13/06/2024

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How to Cope With Teen Schizophrenia and Its Symptoms?

How to Cope With Teen Schizophrenia and Its Symptoms?

The most complex of all mental illness is schizophrenia which refers to a chronic and disabling disturbance of the human brain. This psychological disorder is chronic, severe, and brain disease that often occurs to develop between late adolescence and early adulthood. People dealing with schizophrenic symptoms may have trouble distinguishing reality from fantasy, organizing their thoughts, controlling their emotions, or interacting with others.

Researches show that the disorder affects men and women equally; however, schizophrenic symptoms begin in men earlier than women. Symptoms usually first appear in men during their late teens or early 20’s. Different mistaken beliefs concerning schizophrenia make it one of the most stigmatized of all mental disorders. Media may portray misconceptions like people suffering from this disease have split personalities and most of them are violent or tend to harm other people. But of these are not true. Most people with schizophrenia appear aloof and prefer to be left alone.

According to recent researches, one in five teenagers with risk factors developed symptoms of schizophrenia. New imaging studies reveal for the first time patterns of brain development that expand into the teenage years. The neurological development of young people is very sensitive to aspects of dysfunctional social settings, such as trauma, violence, lack of warmth in personal relationships and lack of sympathy. These factors have all been found for the later progression of schizophrenic symptoms.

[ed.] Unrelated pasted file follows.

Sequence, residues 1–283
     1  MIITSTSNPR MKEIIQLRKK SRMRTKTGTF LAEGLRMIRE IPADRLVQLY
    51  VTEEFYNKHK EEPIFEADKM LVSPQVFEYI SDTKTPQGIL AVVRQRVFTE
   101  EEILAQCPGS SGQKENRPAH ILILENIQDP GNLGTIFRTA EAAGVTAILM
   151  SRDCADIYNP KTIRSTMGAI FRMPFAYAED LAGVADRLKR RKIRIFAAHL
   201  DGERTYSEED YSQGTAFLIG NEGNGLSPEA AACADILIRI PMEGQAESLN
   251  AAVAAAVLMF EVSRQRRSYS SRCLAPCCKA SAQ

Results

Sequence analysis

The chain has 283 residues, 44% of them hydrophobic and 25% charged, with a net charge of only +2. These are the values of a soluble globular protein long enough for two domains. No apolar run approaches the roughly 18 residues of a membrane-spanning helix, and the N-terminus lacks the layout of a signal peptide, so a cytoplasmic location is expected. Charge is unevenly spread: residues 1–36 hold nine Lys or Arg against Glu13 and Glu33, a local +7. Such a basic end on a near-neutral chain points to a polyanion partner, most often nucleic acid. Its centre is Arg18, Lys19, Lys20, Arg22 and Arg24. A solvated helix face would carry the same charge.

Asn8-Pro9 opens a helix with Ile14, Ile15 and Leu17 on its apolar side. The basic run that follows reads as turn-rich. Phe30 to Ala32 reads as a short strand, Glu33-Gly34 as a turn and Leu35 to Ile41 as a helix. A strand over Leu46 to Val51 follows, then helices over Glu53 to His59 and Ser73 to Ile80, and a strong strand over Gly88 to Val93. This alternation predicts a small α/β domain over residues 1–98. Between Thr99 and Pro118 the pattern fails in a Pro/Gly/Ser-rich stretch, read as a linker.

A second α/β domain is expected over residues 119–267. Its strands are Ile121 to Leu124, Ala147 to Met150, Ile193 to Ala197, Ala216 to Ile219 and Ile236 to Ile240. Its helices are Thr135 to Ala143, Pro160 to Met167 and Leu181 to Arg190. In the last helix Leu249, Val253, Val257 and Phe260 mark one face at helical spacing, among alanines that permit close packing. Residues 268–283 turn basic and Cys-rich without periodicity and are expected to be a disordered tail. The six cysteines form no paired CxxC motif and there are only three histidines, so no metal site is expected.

Schizophrenia can be confusing and terrifying experience because even people with this mental disorder do not completely understand the nature of their condition. People normally encounter stress during their teenage lives; these pressures can give them the essence of schizophrenia which involves world of fear, confusion and helplessness.

Teens with the disorder may have trouble functioning normally especially when they are interacting with the society. Schizophrenic symptoms are physically, emotionally and mentally draining for the loved ones of those afflicted. Patients may need possible emotional support from their families, financial assistance, and daily help for medication.

The disorder is physically, emotionally and mentally draining for families of those afflicted. Schizophrenic teens often have difficulty acting normally when they are communicating with general public and may need financial assistance, emotional support and daily help for tasks such as taking medication.

Heredity may play a significant role in having schizophrenia. According to various reports from NARSAD, young people who have a family member with schizophrenic symptoms are 30 percent more likely to develop the mental disorder themselves.

The psychological disorder in teens expresses itself in a different way. It is often difficult to notice and recognize it in the early stages unless evaluated by an expert psychiatrist who specializes in the field of teenage schizophrenia. Suspected schizophrenic may exhibit behavior changes gradually, over time. In some cases, teens that were once very active in sports and loved hanging out with their friends may start to withdraw and appear aloof. They may begin to talk about strange events they feel they were a part of, but that never really happened. Some may show childlike behaviors and become dependent upon their parents or guardians.